In 2009, the number of HIV+ cases in West Bengal stood at 27,000. Less than three months into 2010, the figure jumped to 125,000 - a rise of nearly 500 per cent - fear West Bengal State AIDS Control and Prevention Society (WBSACPS) officials.
WBSACPS authorities reached the latest figure after a survey of the HIV-prone areas.
The rise has prompted the officials to seek a meeting with National AIDS Control Organisation (NACO) in New Delhi on March 23.
"We will discuss the issue with NACO officials and chalk out a plan on how to strengthen the screening of suspected HIV+ persons," said Dr DN Goswami, joint director, WBSACPS.
The first HIV+ patients in India were spotted in 1986 in Chennai and Kolkata.
Maharastra, believed to have the largest number of HIV+ patients, had witnessed 11,938 new cases being registered between November 2006 and May 2009.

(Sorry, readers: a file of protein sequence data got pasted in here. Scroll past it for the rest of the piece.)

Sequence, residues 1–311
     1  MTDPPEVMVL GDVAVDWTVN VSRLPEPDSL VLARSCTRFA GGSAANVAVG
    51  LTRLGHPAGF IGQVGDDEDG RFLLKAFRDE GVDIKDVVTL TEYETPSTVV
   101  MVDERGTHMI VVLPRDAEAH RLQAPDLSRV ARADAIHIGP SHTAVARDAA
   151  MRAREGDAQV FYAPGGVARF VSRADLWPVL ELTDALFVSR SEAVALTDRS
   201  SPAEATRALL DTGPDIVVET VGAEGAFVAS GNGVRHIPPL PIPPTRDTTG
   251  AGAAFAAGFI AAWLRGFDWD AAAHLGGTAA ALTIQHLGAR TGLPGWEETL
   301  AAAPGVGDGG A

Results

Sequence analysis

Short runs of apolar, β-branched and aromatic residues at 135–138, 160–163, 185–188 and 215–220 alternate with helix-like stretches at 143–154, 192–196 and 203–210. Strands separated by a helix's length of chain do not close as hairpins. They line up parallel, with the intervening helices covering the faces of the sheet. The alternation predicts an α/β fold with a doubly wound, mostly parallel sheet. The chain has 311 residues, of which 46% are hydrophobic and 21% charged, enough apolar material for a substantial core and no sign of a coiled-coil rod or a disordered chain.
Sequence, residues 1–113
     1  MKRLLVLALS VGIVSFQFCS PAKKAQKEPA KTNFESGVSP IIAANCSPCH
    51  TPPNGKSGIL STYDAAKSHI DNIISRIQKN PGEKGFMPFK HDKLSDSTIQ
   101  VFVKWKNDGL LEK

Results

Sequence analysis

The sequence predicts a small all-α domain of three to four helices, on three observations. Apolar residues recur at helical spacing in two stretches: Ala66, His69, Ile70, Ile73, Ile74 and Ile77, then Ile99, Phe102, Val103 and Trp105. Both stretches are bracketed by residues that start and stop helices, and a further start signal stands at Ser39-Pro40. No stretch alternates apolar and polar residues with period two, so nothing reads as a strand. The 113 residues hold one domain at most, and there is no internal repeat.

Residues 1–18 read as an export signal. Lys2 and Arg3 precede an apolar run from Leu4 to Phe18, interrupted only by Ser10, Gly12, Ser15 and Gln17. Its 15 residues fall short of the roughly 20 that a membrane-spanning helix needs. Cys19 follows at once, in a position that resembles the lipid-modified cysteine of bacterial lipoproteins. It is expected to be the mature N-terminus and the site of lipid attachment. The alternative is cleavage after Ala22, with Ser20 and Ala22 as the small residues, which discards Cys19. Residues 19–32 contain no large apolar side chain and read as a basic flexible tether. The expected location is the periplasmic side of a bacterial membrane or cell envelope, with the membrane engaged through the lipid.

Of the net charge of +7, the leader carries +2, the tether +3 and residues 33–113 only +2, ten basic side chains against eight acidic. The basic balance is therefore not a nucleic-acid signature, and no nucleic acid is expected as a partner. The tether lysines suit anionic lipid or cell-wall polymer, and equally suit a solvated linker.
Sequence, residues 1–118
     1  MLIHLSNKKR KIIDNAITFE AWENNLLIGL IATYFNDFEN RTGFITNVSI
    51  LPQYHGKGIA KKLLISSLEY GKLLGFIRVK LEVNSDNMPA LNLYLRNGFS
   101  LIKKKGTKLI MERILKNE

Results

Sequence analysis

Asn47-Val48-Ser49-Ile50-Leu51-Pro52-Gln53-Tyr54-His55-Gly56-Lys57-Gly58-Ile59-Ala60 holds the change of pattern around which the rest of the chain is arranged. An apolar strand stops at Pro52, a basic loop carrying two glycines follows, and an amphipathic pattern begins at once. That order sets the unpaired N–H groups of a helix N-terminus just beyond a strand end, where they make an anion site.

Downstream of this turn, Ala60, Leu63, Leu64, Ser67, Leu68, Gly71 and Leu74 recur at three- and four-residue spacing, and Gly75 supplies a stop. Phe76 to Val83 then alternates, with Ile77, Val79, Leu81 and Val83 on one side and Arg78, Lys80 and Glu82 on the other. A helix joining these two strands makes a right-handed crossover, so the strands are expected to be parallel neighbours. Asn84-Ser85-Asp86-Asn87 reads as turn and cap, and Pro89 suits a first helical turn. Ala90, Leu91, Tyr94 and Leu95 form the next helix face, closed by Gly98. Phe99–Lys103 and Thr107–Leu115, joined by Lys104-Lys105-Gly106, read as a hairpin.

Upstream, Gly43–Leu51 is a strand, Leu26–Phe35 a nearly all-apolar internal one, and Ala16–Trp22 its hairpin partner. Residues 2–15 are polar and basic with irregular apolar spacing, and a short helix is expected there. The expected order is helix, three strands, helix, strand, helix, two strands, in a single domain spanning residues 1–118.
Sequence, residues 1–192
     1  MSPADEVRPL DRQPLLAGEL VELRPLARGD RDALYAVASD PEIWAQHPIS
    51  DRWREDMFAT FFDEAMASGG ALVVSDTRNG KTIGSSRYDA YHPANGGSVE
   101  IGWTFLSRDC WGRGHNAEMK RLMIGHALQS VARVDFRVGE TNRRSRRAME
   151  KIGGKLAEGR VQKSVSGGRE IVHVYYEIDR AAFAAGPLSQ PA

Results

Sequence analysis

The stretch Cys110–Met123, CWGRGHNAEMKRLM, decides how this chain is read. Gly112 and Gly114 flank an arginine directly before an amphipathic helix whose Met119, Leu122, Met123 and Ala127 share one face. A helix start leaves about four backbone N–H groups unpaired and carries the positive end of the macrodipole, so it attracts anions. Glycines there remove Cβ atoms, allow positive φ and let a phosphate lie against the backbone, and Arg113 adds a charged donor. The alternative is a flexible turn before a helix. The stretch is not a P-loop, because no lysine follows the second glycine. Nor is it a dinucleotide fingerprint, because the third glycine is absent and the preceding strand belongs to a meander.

"We met antenatal mothers, truck drivers and sex workers. We suspect 72 to 80 per cent subjects in these pockets are undetected HIV+ cases," said a WBSACPS source.
"There could be an HIV pandemic waiting to happen unless we bring them to integrated counseling and testing centres (ICTC) for treatment," the official added.
West Bengal has 142 ICTCs, while it needs at least 300. The result: a high-risk group can't be screened.
In comparison, the ICTCs in Maharastra rose from 1,476 to 5,155 between 2007 and 2009.
In Bengal the districts of West Midnapore, South 24-Parganas, North 24-Parganas, Howrah, Hooghly, Murshidabad, North Dinajpur and Jalpaiguri have emerged as particularly high-risk zones, because of inadequate testing/treatment infrastructure.
Apart from the last two, all other districts are in south Bengal.
HIV is most prevalent in Andhra Pradesh, Maharastra, Karnataka, Tamil Nadu, Manipur and Nagaland.
According to a NACO figure, 2 and 3.1 million Indians were living with HIV and AIDS virus in 2006.